The LinkedIn logo is displayed on the screen of a laptop computer.
The LinkedIn logo is displayed on the screen of a laptop computer. - 
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LinkedIn is entering the crowded field of college rankings and giving it a big data twist. 

When you join LinkedIn, you tell the site where you went to school, your field and where you work. The job site ran the numbers on its more than 313 million members to see where they went to college and what they’re doing now, says spokesperson LinkedIn Crystal Braswell.

They used it to “narrow down the list of top schools that are really launching their students into successful, desirable jobs,” Braswell says.

LinkedIn defined “desirable jobs” by crunching the numbers to find companies that are good at both attracting and retaining employees.

Mark Schneider of the American Institutes for Research says the list is limited.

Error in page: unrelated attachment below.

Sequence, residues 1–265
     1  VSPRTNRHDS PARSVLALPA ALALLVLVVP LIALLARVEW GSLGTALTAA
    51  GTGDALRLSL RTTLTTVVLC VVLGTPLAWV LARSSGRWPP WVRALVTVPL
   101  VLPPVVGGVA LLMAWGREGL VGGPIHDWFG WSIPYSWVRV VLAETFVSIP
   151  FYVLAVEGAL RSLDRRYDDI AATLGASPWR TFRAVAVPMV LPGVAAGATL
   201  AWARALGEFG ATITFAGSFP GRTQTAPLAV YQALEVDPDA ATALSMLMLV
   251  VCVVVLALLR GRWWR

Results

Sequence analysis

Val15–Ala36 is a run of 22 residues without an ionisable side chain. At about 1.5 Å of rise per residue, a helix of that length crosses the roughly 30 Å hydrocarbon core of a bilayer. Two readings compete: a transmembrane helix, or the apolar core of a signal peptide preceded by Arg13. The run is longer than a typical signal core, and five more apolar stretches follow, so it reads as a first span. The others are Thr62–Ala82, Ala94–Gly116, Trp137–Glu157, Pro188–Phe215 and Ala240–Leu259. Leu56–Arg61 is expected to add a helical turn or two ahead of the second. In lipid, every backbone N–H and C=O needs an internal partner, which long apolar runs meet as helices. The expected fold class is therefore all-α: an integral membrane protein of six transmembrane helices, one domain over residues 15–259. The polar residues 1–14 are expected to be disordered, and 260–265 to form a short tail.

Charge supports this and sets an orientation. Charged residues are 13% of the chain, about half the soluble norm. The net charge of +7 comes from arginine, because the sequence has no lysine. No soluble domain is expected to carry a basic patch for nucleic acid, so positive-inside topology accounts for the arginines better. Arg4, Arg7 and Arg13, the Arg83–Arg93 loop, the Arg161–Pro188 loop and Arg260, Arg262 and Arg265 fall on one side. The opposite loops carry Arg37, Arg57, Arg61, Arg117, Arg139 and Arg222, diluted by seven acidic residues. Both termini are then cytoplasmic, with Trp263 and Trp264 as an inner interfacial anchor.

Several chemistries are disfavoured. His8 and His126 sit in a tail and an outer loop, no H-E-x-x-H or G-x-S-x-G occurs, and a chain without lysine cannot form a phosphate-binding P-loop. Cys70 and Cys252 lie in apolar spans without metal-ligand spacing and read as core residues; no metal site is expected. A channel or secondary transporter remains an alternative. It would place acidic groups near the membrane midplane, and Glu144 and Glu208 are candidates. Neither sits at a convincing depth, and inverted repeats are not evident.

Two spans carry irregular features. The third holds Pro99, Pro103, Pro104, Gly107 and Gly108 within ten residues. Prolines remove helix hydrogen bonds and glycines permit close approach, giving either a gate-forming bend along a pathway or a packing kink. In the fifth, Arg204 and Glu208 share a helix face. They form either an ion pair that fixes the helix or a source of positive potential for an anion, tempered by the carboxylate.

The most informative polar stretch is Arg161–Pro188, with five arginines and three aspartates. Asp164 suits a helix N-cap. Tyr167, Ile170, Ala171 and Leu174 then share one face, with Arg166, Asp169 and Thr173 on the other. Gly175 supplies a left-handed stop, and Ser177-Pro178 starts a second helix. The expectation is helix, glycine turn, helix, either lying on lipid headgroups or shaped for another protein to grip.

“Right now, only the top 25 schools in any of the fields is displayed,” he says.

And so it’s mostly the usual colleges that top the lists. Still, Schneider favors this data-driven approach, especially in the current economy.

“I think the 2008 financial crises scared the life out of everybody,” Schneider says. “You go to college and now you’re not even guaranteed good employment.”

And with college tuition rising, Schneider says students are increasingly interested in what their college degree will get them in the job market.

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